As we enter the last few calendar days before general waterfowl seasons begin, one can’t help but feel at least a small level of unpredictability of how the 2020-2021 waterfowl season will transpire. We’re waterfowl hunters, sure, and we’re known for our ability to quickly adapt and roll with the punches. However, having lived through the last few months, one can’t help but be a little apprehensive. While this is surely the most anticipated waterfowl season many of us have ever prepared for, it still may come with a few reservations of feelings of the unknown. Homework, research, scouting, and all the things generally necessary to create a solid ground game will undoubtedly play a much larger role in your upcoming seasons success.
Public Hunting – Let’s start here. Many waterfowl hunters rely every year on the public hunting opportunities their state or neighboring states allow. This might not even be an option this year. An area may not be totally closed but opportunity may be much more limited. Educate yourself on any new regulations sooner than later. Research additional areas and plan on putting a few more dollars into the fuel budget. Pick up the phone and call local area managers and ask specific questions. While you may end up gunning on new turf this season, always be mindful of other fellow hunters. Regardless of shots fired and birds bagged, don’t overlook the Golden Rule.
Area waterways – Waterfowl highways typically present great hunting opportunity. Maybe you own a boat, or maybe you don’t, you don’t want to overlook public waters and access to them. Whether a creek, a reservoir or small river, these areas generally see staging waterfowl as they venture down the migration corridor. Scout accesses and monitor water levels, as both of these will play a big part in overall success. Timber-lined Creek banks, driftwood covered sandbars and properly concealed boat blinds are great places to be during the peak of the migration. With bigger water comes bigger responsibility. Don’t take any unnecessary chances. Always follow all safety regulations and have a surefire retrieval process in place for downed birds.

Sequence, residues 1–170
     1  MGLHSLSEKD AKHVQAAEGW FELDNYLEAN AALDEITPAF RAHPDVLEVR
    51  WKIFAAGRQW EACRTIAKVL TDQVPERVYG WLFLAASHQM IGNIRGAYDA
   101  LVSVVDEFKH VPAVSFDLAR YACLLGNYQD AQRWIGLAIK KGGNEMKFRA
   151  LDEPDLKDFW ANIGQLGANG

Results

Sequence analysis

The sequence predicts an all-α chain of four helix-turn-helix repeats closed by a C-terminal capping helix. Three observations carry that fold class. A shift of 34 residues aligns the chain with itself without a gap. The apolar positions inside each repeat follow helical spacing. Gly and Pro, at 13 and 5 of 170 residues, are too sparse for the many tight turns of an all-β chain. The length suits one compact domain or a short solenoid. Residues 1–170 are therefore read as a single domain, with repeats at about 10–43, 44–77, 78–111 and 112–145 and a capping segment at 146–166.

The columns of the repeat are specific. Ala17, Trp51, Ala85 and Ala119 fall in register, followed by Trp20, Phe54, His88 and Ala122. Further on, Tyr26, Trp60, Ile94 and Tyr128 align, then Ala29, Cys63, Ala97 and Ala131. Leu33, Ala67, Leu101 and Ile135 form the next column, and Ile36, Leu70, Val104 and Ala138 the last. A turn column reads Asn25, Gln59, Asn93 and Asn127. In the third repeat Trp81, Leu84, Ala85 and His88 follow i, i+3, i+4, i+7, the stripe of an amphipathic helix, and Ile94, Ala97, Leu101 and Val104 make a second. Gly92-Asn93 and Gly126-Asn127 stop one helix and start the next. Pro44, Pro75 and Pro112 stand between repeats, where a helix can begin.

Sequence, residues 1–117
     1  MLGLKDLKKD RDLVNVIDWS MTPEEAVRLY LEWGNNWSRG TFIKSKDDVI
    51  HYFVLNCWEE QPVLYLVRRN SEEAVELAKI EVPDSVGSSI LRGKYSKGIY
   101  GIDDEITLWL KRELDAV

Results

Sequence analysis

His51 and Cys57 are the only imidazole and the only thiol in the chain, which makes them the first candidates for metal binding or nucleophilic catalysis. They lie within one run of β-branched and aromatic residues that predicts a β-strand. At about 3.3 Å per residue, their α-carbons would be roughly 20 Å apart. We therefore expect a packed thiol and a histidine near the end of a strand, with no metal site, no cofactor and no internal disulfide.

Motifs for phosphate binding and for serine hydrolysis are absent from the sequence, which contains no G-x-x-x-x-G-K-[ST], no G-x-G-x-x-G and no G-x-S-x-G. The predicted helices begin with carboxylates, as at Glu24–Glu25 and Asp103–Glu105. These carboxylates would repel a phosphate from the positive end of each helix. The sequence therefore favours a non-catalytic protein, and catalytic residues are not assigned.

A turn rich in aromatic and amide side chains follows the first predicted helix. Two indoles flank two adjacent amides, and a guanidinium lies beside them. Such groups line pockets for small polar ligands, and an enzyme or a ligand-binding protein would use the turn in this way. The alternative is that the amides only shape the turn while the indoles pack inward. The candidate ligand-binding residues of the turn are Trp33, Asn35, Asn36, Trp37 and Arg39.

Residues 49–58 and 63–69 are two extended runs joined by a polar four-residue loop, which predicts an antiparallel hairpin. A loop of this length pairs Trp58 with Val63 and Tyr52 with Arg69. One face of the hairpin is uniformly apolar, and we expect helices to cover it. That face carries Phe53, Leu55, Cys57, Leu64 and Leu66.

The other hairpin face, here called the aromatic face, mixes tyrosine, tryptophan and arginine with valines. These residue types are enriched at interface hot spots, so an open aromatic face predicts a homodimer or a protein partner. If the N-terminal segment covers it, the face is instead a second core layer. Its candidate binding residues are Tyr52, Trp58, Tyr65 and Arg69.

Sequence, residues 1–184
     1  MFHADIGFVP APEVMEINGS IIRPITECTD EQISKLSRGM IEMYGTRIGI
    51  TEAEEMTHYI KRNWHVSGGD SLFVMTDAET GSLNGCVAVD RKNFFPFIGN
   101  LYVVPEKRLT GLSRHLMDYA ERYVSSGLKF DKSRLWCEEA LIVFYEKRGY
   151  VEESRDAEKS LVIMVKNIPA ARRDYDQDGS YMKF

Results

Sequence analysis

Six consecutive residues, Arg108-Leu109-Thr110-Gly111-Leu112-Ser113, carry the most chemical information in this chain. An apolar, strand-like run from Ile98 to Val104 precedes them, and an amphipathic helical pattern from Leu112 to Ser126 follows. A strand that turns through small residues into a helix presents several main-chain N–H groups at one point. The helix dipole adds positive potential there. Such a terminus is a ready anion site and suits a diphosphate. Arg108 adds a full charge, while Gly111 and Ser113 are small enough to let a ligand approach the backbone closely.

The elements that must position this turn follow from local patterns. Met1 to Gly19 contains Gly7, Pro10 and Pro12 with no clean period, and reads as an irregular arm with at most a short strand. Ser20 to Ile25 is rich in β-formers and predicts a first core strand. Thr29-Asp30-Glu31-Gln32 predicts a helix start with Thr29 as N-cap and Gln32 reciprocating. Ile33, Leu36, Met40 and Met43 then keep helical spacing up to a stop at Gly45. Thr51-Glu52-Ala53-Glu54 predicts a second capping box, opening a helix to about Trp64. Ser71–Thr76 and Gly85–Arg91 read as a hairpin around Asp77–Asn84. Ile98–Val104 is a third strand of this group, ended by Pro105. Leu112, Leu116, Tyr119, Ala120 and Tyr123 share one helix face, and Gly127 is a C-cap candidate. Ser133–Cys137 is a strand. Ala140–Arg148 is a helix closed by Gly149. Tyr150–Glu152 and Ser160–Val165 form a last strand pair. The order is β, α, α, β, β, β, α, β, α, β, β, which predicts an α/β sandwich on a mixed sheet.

Go with an outfitter – Take that trip! You know exactly what I’m talking about here. Whether it’s Canada Geese in North Dakota barley stubble to Mallard Ducks in the majestic Arkansas green timber get that hunt on the calendar now. There are more reputable waterfowl outfitters now in North America then ever before, and their services effectively cover any waterfowl-hunting scenario you can dream of. Don’t catch yourself saying “maybe next year” ever again.
Freelance – Gather a group and hit the road. Not all northbound waterfowl highways lead to Canada. Cash in some of that hard-earned vacation time and get some windshield time. You already have an idea of where you want to go (this goes along with the “maybe next year” pass off previously mentioned). It might be a new area, and it will take some time to learn, but basic waterfowl hunting knowledge still applies. Once you know the lay of the land a group can travel many directions and scout effectively. Make a few phone calls ahead of you road trip to reserve lodging or you can sleep in your truck. Another benefit of traveling north to waterfowl hunt is the opportunity to experience a new area during its prime time, leaving the best part of your season at home ready for you when you return. Don’t forget your binoculars and have fun!